FedEx Corp. and competing cargo airlines are finding their yields squeezed in an economy that Alan Greenspan once observed is putting good things in ever-smaller packages.
Both FedEx and United Parcel Service Inc. have posted drops in revenue per package this year. With clients used to paying by weight, softer demand from a weakening global economy has hampered the carriers’ ability to change the way they set rates.
“If weight per shipment was going up, that was always a good sign,” said Kevin Sterling, a BB&T Capital Markets analyst in Richmond, Virginia, who has a buy rating on both companies. “That is no longer a valid key statistic to look at to determine if the freight economy is improving. Everything seems to have gotten lighter.”
FedEx and UPS are grappling simultaneously with sales growth that has slowed from more than 10 percent in mid-2010 to less than 5 percent in the most recent quarter, and they have trimmed full-year profit forecasts. Shares in both companies have underperformed the broader Standard & Poor’s 500 Index this year, with UPS falling 1.9 percent through yesterday and FedEx rising 1.1 percent.
The pressure on their performance from smaller manufactured goods, which affect all cargo companies, can be seen on a broader scale in the tonnage of U.S. gross domestic product.
The measure has been stagnant for decades, which implies a continually dropping weight per dollar, Greenspan, the former Federal Reserve chairman, said in a telephone interview this week.
“The development of the integrated circuit has had a dramatic effect on making the world into ever smaller units,” Greenspan said. He cited Moore’s Law, the principle associated with Intel Corp. co-founder Gordon Moore that the number of transistors on an integrated circuit doubles every two years.
Products such as televisions built by Emerson Radio Corp. illustrate the magnitude of miniaturization in the 13 years since Greenspan discussed it in a 1999 speech in Dallas.
A 22-inch cathode ray-tube set from 2002 weighs about 75 pounds and is almost 2 feet thick, while an Emerson LED model with the same screen size, available today, weighs just 7.5 pounds and is only 2 inches thick.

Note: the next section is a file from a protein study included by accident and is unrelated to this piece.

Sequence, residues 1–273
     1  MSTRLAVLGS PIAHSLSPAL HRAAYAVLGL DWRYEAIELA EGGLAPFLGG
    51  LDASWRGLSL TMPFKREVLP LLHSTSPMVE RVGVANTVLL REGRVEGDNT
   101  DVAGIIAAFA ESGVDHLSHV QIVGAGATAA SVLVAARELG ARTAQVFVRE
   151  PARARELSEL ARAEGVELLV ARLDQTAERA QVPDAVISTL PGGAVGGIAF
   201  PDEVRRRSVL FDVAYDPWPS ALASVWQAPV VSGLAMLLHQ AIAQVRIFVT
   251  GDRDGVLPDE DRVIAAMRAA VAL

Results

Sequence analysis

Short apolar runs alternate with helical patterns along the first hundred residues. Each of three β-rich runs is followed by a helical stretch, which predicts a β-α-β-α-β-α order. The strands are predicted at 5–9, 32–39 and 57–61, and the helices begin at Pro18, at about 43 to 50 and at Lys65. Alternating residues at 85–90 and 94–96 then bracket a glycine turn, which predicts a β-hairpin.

Freight intensity, measured as the ratio of total ton-miles to GDP, shows that freight activity required to produce goods and services in the U.S. dropped from 0.59 ton-mile per dollar in 1970 to 0.38 ton-mile in 2002, according to the federal Bureau of Transportation Statistics.
Shippers and consumers are the “big winners” of the trend, said Aaron Gellman, a professor of management and strategy at Northwestern University’s Kellogg School of Management. Though cargo companies are likely to respond with changes to the way they calculate rates, those may be years away, he said.
At present, both companies base rates on volume, distance and service level, according to spokesmen.
The timing isn’t right for major changes to pricing systems, Satish Jindel, president of SJ Consulting Group in Sewickley, Pennsylvania, said in a telephone interview. “As the carriers modify their dimension of charge, more customers are going to say, ‘How much of my transportation involves air? Nobody’s buying, so why am I shipping air?’”
The Drewry Air Freight Price Index fell 13 percent in August from July, the largest drop in 20 months, and was 17 percent lower than a year earlier. The average rate was $3.32 a kilogram, the fourth consecutive month below $4. Since the start of 2011, the average rose as high as $4.61, in October.
At FedEx’s Express unit, the Memphis, Tennessee-based company’s largest, revenue per package pound has dropped on from a year earlier for the past six quarters. Sales of $2.20 a pound in the three months through August compared with $2.66 in the same period in 2010.
UPS’s revenue per package from next-day air delivery in the U.S. declined from the previous year in the first two quarters of 2012, with a drop of about 2 percent to $20.42 in the period through June.